"A Map of North America Denoting the Boundaries of the Yearly Meetings of Friends and the Locations of the Various Indian Tribes", Religious Society of Friends
Subject: North America
Period: 1844 (published)
Color: Hand Color
21 x 18.2 inches
53.3 x 46.2 cm
Very unusual map put forth by the Religious Society of Friends, or Quakers as they are more commonly known. This map was made for a book entitled Some Account of the Conduct of the Religious Society of Friends Towards the Indian Tribes. . ., that was made for meetings held by the Quakers called Aborigines' Committee of the Meeting of the Sufferings. The Quakers held these meetings annually and they focused on the wrongs suffered by aboriginal peoples all over the world. This meeting was held in London in 1844. The map shows the United States all the way to the West Coast with a great Republic of Texas reaching into present-day Colorado. The United States has no claims to the Southwest yet, and the northwest border with Canada and the U.S. has been left undefined due to the unsettled claims in that region. The extent of immigration and developed territories is confined to east of the Mississippi. The map names all the known tribes and where they are located with a color key at left that also informs us that the Catawba, Uchee and Natchez Indians are extinct. A key shows the location of annual Friends meetings and a table at the right notes the number of tribal members of each tribe and also how many had, at that point, been moved from their homelands. This map was drawn by Jim Bowden and lithographed by H. Clark.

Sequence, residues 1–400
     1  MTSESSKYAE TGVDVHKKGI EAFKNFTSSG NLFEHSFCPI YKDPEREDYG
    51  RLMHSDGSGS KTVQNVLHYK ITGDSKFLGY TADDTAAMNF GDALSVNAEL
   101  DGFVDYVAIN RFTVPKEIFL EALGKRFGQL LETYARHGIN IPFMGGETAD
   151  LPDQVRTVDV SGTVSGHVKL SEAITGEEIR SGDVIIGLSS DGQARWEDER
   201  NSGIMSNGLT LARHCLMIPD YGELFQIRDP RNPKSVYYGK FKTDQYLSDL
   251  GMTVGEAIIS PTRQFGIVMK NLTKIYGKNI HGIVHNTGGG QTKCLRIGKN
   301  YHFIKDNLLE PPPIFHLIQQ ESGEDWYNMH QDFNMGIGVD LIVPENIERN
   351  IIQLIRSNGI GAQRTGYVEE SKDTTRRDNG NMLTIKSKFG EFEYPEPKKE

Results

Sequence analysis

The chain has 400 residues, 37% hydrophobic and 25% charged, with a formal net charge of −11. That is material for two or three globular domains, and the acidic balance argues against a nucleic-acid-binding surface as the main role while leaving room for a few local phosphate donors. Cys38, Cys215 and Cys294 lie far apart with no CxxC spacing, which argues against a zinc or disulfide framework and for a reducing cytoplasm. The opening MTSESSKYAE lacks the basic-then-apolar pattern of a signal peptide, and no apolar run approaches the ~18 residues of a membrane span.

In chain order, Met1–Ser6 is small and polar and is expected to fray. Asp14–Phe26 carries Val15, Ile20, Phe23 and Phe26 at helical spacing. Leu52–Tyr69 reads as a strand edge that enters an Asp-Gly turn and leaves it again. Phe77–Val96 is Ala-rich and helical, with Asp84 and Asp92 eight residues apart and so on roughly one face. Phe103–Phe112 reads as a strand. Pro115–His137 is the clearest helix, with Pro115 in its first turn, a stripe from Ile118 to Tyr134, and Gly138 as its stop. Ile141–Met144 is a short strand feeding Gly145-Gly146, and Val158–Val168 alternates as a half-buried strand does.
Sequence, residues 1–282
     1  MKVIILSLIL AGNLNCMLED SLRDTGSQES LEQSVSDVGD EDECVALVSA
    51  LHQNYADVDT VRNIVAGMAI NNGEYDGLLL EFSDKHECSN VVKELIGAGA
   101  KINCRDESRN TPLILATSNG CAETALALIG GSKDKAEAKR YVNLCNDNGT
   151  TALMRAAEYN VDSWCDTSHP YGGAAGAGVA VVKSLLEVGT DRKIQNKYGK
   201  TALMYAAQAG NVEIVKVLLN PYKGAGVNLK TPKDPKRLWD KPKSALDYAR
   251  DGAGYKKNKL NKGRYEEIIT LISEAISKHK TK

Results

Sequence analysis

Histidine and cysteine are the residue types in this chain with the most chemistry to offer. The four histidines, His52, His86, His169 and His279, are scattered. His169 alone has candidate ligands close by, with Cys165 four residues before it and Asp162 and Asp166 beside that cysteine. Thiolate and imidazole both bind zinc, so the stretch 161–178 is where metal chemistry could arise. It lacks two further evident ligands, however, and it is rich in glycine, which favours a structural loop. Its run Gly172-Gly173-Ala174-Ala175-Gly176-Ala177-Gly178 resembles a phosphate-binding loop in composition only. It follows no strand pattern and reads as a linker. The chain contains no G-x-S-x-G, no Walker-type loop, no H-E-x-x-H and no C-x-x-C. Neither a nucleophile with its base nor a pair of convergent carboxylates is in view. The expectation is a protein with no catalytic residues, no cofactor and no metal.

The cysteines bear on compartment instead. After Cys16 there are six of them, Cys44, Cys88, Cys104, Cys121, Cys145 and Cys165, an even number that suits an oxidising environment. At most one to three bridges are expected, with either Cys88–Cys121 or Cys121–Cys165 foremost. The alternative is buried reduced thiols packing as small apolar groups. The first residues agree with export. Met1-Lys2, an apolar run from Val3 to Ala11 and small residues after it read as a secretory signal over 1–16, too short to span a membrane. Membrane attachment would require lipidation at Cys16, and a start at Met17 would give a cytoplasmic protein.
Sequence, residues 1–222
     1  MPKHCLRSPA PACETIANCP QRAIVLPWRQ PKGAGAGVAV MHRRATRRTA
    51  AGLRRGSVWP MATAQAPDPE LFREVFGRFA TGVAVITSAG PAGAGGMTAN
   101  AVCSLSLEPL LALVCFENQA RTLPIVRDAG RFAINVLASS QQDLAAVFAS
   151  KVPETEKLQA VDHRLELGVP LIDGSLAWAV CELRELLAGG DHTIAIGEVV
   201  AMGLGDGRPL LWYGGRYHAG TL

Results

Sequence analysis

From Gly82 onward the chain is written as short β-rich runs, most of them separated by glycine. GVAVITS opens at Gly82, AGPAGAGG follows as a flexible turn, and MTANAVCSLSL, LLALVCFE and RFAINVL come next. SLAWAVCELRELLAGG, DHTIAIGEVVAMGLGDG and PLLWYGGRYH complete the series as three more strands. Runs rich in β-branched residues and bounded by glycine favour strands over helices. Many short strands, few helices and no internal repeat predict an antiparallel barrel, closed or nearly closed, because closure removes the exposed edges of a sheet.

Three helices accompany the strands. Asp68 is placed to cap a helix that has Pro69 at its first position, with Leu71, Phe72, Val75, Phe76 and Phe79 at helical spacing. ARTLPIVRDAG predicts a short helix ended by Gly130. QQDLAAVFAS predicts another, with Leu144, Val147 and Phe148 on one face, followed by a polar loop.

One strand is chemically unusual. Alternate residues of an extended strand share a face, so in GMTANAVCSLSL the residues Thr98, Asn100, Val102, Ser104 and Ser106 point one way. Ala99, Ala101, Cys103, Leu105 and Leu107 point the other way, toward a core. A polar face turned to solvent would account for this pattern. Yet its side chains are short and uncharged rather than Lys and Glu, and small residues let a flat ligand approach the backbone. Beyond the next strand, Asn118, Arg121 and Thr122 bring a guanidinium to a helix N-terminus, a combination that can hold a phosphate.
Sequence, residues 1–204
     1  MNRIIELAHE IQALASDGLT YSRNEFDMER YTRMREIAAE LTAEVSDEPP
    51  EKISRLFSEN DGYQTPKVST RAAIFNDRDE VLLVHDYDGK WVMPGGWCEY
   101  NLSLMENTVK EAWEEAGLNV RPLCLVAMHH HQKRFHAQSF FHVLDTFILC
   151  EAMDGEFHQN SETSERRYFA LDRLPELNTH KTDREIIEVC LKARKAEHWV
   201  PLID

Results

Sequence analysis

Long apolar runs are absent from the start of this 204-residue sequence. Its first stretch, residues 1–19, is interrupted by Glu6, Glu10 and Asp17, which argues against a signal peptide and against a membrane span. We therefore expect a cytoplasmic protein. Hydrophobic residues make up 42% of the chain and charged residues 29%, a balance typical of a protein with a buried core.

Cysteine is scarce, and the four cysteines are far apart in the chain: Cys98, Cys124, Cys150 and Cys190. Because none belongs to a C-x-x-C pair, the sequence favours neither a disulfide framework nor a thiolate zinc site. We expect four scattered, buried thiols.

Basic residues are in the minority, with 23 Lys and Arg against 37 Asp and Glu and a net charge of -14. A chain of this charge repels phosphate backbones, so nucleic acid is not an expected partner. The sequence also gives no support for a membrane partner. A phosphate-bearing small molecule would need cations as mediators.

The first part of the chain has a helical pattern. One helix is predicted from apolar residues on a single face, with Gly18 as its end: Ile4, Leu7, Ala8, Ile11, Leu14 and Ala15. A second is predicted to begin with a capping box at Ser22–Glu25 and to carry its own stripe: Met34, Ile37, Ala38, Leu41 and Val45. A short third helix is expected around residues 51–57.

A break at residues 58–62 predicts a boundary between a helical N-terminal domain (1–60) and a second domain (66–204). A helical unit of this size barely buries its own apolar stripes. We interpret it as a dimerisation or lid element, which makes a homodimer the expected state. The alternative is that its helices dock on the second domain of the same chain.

Folding as issued. Fine original color and full margins. Some scattered spots above the table and toning at upper right, otherwise a very nice example of this difficult to find map.